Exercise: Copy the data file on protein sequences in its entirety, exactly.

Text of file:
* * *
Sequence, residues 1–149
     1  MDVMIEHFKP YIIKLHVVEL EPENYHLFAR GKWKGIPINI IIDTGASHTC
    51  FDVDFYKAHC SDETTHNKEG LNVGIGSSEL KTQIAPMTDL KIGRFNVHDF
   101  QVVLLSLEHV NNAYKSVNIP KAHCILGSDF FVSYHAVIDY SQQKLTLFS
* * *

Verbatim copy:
Sequence, residues 1–149
     1  MDVMIEHFKP YIIKLHVVEL EPENYHLFAR GKWKGIPINI IIDTGASHTC
    51  FDVDFYKAHC SDETTHNKEG LNVGIGSSEL KTQIAPMTDL KIGRFNVHDF
   101  QVVLLSLEHV NNAYKSVNIP KAHCILGSDF FVSYHAVIDY SQQKLTLFS